reuters:

The last known native speaker of the Klallam language, which the U.S. government once sought to phase out before funding an effort to preserve it, died in Washington state on Tuesday at age 103, friends and tribal leaders said.

The death of Hazel Sampson, who was taught the Klallam language by her parents before learning English, marks the end of an era, said Ron Allen, chairman of the Jamestown S’Klallam Tribe. Sampson died at a hospital in Port Angeles, Washington.

Klallam belongs to the Salish family of Native American languages, spoken in the Pacific Northwest and southwestern Canada.

"It’s the final chapter of one of our tribal citizens who grew up in the culture before we were exposed extensively to the non-Indian culture and language," Allen said. "We lost an elder who kept the culture and language of the S’Klallam people fresh in the younger generation."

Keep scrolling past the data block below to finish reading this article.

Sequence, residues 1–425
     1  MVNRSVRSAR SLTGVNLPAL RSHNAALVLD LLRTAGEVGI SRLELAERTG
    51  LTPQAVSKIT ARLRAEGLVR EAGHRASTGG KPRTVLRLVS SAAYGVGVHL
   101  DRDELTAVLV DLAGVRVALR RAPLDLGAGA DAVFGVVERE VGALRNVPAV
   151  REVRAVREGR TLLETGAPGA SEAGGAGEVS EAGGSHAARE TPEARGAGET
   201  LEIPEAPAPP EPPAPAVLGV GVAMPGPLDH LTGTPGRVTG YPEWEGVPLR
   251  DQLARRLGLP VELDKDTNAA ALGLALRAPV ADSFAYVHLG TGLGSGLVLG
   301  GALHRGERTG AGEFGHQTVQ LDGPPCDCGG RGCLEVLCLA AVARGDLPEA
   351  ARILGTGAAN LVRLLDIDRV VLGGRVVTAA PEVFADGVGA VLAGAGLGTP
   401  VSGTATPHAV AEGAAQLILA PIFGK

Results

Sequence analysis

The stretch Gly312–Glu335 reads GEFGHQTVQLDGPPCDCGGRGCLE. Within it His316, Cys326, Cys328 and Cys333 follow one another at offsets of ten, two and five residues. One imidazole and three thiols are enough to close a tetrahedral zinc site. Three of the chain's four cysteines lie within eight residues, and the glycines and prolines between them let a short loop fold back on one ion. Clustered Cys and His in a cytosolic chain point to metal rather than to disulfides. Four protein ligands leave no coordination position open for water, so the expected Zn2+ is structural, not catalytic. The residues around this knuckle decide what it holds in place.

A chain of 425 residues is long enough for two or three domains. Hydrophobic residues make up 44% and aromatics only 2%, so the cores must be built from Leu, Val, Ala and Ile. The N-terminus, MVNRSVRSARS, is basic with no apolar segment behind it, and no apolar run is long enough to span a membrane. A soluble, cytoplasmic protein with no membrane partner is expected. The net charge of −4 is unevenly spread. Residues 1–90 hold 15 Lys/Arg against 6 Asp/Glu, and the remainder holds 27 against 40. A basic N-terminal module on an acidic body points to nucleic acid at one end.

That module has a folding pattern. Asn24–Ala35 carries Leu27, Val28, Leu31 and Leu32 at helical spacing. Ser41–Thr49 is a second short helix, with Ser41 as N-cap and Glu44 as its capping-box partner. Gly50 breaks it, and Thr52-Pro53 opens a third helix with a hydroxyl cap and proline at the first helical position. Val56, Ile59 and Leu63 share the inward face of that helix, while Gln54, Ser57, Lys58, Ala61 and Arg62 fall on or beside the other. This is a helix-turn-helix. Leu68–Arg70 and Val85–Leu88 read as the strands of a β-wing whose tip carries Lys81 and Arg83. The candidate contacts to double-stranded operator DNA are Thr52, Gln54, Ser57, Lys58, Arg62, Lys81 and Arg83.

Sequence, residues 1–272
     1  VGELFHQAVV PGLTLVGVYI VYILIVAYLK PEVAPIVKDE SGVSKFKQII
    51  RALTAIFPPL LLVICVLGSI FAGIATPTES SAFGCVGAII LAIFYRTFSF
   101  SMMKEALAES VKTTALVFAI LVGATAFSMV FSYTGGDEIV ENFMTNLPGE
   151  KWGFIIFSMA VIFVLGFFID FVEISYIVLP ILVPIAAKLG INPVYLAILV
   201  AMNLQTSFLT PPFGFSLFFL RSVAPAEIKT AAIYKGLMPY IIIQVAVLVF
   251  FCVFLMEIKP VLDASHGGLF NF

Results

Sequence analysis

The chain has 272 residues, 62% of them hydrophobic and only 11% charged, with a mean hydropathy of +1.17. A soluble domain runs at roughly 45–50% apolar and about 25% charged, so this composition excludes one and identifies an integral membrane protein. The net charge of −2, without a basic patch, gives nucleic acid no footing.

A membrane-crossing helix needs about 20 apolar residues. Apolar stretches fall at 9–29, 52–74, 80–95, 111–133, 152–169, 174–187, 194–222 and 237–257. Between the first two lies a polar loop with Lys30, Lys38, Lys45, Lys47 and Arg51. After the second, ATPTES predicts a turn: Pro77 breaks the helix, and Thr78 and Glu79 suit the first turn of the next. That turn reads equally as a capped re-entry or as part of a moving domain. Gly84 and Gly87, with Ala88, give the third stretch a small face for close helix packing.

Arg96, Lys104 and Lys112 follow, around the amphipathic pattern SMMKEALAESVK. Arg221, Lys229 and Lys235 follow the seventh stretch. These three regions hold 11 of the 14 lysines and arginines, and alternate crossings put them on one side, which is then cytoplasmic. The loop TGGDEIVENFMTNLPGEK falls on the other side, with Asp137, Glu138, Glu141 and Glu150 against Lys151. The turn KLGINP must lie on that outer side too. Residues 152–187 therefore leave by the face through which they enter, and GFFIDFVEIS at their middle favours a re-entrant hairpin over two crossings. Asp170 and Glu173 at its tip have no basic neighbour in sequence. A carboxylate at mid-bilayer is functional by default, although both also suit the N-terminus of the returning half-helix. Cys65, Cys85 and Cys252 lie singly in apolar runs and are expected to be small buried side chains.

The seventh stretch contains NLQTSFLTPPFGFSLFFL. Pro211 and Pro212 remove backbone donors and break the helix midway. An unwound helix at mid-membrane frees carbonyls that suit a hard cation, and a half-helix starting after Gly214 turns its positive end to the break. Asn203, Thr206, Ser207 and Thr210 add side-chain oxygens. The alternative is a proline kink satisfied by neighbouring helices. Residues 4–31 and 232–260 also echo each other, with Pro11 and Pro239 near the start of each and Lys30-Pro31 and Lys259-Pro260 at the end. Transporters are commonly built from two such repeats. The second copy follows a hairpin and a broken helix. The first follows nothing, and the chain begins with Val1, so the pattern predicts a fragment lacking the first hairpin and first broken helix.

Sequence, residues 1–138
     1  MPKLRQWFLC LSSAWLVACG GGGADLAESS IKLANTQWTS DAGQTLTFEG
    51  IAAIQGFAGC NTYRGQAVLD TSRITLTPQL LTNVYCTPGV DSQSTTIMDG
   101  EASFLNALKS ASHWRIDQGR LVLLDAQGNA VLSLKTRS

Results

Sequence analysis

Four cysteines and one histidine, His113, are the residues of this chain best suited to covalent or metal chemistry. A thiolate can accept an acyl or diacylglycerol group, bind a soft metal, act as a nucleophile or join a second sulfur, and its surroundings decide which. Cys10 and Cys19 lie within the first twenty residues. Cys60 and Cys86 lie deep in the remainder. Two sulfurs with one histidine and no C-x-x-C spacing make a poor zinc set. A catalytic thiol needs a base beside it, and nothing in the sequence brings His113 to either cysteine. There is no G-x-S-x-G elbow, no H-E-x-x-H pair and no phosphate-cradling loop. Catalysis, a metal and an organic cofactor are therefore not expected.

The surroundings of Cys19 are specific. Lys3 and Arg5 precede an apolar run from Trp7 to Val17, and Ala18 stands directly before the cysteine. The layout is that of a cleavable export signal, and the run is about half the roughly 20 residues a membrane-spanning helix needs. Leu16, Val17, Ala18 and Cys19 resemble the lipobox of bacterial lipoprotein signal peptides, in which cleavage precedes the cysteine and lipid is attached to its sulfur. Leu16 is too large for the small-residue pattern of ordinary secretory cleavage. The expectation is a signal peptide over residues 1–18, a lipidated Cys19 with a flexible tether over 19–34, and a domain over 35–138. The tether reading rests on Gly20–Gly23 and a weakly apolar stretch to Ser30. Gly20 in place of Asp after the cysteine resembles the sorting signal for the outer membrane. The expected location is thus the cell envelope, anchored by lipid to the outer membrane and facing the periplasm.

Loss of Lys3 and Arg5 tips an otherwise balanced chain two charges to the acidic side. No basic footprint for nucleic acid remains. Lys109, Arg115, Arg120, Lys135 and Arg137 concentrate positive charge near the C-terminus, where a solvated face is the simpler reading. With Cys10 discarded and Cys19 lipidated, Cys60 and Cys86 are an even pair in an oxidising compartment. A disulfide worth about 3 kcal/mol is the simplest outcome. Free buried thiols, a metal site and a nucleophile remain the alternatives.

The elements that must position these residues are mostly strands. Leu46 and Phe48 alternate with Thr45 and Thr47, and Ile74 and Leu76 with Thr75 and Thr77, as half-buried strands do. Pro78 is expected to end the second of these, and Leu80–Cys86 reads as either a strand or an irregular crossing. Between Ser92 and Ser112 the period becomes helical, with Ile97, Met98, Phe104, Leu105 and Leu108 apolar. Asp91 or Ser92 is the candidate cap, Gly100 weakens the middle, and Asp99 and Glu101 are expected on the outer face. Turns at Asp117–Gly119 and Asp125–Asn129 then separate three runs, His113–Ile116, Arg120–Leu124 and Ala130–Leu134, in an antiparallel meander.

Read more: http://reut.rs/1iz9ni7

Language is essential to culture so it is no surprise that the U.S. government sought to eradicate (“phase out”?) the Klallam language, in addition to many other indigenous languages and peoples. Amazing how the language of a nation dies with a single individual.

"The ironic life is certainly a provisional answer to the problems of too much comfort, too much history and too many choices, but it is my firm conviction that this mode of living is not viable and conceals within it many social and political risks. For such a large segment of the population to forfeit its civic voice through the pattern of negation I’ve described is to siphon energy from the cultural reserves of the community at large."

— Posted without irony. But now it feels like that was an ironic statement. I sincerely like this article. Sincerely. Eh, you can’t win.

(Source: The New York Times)

"It was a breakthrough (hardwon, late in coming) when I realized that there is really no difference between high and low speech - they both “indicate,” they both scan, they both give off energy when read. So that was a great thing, to suddenly be able to consider ALL language as possible candidates for what we might call “poetic elevation” - that process of compression/exclusion that takes a diction and kicks it up into (hopefully) a kind of super-expressive purity…."

— From Gchatting with George Saunders.